As the lead plaintiffs’ counsel in McCleary v. the State of Washington, Thomas Ahearne, an attorney with Seattle-based Foster Pepper PLLC, proved to be a force of nature. Undertaking the biggest education-finance lawsuit in three decades, Ahearne and his team shined a glaring spotlight on the state’s failure to provide—in the words of King County Superior Court Judge John Erlick—“ample, stable and dependable funding” to the state’s 1 million public school-children. The significance of the case is “enormous,” says Ahearne. “[This ruling] eliminates the excuses state officials use to pretend they are not violating their oaths to comply with our state constitution,” he says. “To be blunt,” he adds, “[the] plaintiffs concluded that 30 years of lip service is enough: The state must put its money where its mouth is.”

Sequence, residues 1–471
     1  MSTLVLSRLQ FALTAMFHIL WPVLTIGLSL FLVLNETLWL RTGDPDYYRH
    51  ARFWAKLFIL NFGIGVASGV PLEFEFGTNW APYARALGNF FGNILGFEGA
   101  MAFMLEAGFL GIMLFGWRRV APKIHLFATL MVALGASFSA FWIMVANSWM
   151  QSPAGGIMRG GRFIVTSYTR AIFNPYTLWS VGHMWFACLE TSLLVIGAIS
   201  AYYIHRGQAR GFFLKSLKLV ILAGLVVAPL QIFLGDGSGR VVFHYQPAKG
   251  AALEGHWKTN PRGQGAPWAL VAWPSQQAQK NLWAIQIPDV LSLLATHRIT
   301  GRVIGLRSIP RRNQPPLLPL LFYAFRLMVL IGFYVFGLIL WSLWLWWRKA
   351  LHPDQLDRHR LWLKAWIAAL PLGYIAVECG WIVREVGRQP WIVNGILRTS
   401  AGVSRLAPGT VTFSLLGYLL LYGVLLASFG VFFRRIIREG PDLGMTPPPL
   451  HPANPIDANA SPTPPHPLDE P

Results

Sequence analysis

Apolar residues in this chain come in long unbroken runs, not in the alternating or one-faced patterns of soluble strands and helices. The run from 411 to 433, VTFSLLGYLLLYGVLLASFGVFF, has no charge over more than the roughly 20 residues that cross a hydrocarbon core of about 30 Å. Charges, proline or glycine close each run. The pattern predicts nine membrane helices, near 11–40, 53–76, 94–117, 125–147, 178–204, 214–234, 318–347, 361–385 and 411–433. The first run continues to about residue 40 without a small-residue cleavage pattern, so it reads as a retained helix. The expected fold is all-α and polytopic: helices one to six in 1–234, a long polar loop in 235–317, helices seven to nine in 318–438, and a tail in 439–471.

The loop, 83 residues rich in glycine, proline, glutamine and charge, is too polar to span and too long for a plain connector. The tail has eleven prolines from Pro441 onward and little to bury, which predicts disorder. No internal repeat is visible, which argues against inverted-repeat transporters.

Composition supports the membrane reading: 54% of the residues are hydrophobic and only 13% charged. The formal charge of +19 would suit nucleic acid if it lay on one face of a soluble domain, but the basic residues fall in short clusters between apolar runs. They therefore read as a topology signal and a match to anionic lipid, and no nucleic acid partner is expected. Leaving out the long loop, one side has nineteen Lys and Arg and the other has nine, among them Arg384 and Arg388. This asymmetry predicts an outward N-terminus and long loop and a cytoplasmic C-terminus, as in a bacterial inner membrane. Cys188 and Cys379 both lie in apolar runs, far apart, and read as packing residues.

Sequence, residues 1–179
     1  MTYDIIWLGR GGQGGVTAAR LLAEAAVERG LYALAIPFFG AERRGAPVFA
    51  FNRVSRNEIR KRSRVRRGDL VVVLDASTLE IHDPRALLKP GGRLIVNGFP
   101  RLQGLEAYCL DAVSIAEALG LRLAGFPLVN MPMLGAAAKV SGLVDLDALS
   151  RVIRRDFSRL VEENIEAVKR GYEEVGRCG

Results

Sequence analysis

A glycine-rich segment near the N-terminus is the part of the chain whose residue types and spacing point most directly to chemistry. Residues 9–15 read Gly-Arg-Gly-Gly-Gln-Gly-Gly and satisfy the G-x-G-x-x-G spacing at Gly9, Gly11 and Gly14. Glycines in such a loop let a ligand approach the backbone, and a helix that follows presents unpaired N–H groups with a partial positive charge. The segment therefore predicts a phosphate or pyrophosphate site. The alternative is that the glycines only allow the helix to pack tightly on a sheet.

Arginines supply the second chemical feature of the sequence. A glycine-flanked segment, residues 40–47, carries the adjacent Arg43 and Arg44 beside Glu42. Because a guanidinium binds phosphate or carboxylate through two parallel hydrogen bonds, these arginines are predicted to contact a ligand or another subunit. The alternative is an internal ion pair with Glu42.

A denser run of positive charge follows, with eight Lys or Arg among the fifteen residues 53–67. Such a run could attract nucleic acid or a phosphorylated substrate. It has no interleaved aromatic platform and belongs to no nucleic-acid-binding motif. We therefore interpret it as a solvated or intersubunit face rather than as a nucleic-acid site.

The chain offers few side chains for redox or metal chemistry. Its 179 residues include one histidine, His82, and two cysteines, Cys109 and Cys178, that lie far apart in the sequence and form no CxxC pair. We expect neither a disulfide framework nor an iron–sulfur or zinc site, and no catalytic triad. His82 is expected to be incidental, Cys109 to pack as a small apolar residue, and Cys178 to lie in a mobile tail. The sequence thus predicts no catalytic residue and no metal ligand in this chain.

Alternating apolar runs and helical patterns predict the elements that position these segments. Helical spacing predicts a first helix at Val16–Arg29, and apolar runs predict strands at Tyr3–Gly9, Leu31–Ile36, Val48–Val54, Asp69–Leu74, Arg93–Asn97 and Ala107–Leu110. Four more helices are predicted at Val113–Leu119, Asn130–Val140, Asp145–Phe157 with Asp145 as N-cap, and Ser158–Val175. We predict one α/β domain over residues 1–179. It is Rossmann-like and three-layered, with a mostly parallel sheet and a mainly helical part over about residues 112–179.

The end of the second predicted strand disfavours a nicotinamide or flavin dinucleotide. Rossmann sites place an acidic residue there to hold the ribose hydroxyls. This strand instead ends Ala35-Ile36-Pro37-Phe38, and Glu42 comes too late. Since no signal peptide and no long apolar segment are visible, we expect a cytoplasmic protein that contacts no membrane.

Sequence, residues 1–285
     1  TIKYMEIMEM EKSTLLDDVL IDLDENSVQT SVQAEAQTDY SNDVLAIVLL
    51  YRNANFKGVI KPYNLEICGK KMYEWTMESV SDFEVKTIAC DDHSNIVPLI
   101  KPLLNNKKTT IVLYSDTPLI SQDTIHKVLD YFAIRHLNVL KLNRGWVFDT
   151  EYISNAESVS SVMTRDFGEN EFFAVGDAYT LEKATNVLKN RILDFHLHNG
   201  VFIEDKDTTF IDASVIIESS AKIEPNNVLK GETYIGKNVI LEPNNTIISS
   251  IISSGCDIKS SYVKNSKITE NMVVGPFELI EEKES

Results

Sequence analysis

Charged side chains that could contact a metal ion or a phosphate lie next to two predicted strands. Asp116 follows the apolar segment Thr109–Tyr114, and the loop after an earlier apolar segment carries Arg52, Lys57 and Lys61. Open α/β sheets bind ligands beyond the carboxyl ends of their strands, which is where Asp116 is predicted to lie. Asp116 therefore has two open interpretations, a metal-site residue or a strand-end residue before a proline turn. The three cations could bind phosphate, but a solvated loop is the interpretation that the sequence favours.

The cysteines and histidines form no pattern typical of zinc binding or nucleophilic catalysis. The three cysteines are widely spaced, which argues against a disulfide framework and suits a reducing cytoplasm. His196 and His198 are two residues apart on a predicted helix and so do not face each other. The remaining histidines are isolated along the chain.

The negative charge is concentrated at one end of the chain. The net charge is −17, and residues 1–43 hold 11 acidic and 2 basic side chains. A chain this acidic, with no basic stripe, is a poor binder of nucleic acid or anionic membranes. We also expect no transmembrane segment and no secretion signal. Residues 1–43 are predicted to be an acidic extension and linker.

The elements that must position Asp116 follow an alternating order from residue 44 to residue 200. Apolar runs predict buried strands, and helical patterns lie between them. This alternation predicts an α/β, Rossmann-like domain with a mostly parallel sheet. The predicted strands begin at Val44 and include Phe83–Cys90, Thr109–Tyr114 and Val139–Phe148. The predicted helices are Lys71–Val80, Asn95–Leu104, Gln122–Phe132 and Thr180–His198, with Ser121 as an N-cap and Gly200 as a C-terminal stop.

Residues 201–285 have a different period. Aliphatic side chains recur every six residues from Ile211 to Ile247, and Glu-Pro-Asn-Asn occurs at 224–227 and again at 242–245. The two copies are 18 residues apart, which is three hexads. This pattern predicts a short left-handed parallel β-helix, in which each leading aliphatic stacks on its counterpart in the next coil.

In 1978, the Washington Supreme Court ordered that the state comply with the Washington Constitution, unequivocally mandating that “it is the paramount duty of the state to make ample provision for the education of all children residing within its borders.” Every year since, says Ahearne, “The governors and the state legislatures have promised to comply ‘tomorrow,’ but ‘tomorrow’ never comes.”
Though Washington is the only state in the country with a constitution making education the paramount duty of the state, its per-pupil expenditure has plummeted to 45th in the nation, says Ahearne. The state is expected to fight the ruling, but at press time it had yet to file an appeal.
Published November 2010
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